BY DAN VALENTI
In a story we will continue to check, THE PLANET has learned of the imminent closings of three downtown businesses that have been used to proclaim the presence of a downtown “renaissance.”
Most likely before the end of this month, although that is not certain, the Ferrin Gallery, Museum Facsimiles outlet store, and The Market will be closing their doors. The upscale, urban-type shopping boutiques and the Greenwich Village-style eatery have simply not been able to generate enough foot traffic that translates into sales. Another store on that block, in the 400 “odd” side of North Street, reported no sales yesterday — for the entire day. The block includes the West Side Clock Shop and a Chinese take-out place.
As THE PLANET gets more information, we shall pass on what we learn. Our source is a person who would have reason to know this information. We have not yet independently confirmed the story with the business owners. We do, however, know the source to be reliable and not given to misinformation.
If this information proves true, this would be a serious blow to efforts of downtown revitalization, which, despite obvious progress in the last couple of years, still lacks the “it” factor. What is “it”? That is a question worth much debate.
According to city consultant John Barrett, Pittsfield’s downtown “needs a strong housing component.” Barrett said that housing is a factor in every lively downtown. Indeed, THE PLANET can agree, citing any number of cities — Newburyport, Mass., and Burlington, Vt., just to name a couple that spring quickly to mind.
Housing One of the Missing Elements
Pittsfield already has low-income housing and elderly housing as part of the downtown. That’s not what Barrett means, for the residents of these kinds of units tend to have little discretionary income. Where are the cute bed-and-breakfasts in the downtown? Where are the middle- to high-income condos, apartments, and hotels? Where are the residents who are looking for that type of lodging?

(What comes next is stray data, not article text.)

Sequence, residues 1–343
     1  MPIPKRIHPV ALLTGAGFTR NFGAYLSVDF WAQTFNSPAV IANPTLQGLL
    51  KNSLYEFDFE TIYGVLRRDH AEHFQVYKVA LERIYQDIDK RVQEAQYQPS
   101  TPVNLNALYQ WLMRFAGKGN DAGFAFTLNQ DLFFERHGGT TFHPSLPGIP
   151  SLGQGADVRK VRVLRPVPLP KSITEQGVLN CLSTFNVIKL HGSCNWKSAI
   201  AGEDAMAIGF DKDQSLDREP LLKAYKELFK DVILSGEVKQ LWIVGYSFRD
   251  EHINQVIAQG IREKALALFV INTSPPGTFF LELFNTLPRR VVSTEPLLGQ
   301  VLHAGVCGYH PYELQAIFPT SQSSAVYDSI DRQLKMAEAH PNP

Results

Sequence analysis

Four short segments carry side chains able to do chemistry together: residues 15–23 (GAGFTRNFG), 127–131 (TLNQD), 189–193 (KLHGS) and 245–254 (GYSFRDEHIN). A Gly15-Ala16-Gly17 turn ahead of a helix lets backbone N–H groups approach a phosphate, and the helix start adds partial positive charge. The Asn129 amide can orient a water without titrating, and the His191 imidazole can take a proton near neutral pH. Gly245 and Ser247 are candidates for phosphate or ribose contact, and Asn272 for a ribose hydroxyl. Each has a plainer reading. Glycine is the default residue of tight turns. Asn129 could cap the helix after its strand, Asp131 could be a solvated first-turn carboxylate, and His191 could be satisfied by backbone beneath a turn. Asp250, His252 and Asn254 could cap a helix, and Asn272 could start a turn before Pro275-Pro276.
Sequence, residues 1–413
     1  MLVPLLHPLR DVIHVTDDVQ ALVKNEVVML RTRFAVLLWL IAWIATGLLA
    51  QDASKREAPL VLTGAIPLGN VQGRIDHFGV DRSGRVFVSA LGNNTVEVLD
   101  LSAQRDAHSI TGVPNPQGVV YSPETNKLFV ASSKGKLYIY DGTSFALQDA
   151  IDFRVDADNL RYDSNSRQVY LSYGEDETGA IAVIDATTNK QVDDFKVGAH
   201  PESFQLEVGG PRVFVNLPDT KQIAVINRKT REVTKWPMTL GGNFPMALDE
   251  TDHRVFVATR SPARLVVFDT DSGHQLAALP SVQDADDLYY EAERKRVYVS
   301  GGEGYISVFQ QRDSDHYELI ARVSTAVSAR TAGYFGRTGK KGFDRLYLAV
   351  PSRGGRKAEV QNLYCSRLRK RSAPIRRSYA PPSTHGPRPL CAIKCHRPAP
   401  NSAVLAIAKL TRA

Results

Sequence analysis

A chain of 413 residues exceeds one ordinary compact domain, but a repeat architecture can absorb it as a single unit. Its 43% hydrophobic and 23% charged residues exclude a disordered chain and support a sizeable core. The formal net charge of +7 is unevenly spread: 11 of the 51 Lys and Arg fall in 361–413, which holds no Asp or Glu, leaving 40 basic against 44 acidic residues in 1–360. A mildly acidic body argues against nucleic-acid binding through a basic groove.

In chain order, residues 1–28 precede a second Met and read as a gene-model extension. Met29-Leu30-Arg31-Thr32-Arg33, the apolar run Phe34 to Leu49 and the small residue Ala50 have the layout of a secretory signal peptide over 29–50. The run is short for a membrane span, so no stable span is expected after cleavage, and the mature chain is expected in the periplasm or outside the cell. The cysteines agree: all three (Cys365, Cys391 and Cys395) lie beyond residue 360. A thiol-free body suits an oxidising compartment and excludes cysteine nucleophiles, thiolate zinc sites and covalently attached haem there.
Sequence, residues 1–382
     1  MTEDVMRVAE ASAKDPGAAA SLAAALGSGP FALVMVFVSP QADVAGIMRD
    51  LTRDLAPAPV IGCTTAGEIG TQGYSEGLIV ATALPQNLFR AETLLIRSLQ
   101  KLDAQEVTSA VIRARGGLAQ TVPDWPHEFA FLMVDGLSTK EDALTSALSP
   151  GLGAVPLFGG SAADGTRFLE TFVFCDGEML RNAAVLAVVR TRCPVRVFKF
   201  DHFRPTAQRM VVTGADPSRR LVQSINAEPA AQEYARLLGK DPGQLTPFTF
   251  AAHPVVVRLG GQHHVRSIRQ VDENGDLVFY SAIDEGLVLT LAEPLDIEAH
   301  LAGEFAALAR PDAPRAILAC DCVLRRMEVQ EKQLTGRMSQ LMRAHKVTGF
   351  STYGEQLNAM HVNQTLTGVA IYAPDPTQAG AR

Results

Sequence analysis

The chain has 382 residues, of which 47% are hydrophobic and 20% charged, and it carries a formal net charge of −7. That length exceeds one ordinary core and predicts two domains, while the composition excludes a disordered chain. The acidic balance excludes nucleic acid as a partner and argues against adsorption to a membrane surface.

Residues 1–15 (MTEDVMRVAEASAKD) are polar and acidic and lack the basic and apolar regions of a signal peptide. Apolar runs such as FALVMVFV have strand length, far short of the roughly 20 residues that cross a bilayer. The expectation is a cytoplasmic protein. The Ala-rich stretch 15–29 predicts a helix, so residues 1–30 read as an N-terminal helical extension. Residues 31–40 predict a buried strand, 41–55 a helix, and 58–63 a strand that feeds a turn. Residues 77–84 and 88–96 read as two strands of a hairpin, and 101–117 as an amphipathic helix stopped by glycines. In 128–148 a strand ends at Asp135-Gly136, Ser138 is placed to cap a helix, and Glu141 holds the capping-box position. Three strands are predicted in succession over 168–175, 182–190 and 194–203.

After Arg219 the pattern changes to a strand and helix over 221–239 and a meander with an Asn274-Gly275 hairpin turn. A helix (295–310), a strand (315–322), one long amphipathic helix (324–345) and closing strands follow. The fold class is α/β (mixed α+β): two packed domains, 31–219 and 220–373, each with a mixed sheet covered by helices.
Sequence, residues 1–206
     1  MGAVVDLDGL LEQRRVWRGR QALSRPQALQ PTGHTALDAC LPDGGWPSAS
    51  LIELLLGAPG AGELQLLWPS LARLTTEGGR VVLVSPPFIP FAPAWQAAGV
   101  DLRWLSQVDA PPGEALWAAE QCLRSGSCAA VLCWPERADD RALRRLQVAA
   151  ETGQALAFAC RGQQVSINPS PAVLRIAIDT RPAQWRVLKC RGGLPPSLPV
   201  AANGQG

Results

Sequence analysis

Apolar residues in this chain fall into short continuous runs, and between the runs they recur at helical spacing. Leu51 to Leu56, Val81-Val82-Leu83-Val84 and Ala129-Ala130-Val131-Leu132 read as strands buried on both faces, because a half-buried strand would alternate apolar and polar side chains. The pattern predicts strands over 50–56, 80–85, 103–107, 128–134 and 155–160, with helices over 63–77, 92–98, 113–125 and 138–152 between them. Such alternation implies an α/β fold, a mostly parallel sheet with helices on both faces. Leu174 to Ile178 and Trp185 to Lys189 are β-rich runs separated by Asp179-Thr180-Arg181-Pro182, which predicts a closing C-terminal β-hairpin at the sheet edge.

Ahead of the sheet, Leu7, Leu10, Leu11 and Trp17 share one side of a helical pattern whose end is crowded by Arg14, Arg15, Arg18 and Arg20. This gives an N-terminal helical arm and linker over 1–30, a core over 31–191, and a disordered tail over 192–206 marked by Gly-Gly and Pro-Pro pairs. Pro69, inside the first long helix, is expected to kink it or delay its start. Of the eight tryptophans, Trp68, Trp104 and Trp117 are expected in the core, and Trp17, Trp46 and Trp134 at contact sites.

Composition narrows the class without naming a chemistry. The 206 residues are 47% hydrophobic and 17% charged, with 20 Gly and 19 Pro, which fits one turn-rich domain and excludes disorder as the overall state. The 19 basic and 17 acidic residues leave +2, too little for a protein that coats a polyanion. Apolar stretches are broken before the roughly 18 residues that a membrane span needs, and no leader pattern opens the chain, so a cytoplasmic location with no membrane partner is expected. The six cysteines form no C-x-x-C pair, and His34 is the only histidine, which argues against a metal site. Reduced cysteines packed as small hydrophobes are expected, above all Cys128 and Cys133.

The appearance of a “renaissance” can be created if you throw enough public dollars into the equation, as we have seen with the Beacon movie complex, Spice, the Colonial, and other public-supported “private” ventures. But when businesses resort to good old capitalism, they live or die based on sales. The free marketplace votes with a pocketbook and wallet, and as of now, they are voting “no” to the “renaissance.”
This is not to say that such a revitalization can’t happen, but clearly, a different strategy is needed. A part of the answer is the Arts, though it is not the answer itself. The Arts can be a vital supplement to such a population, but the Arts in Pittsfield will never DRIVE a recreation-and-resort economy. As always, it comes down to good-paying jobs. If you have them, you can create a thriving local downtown economy. If you don’t, you’ll be picking at seeds and stems.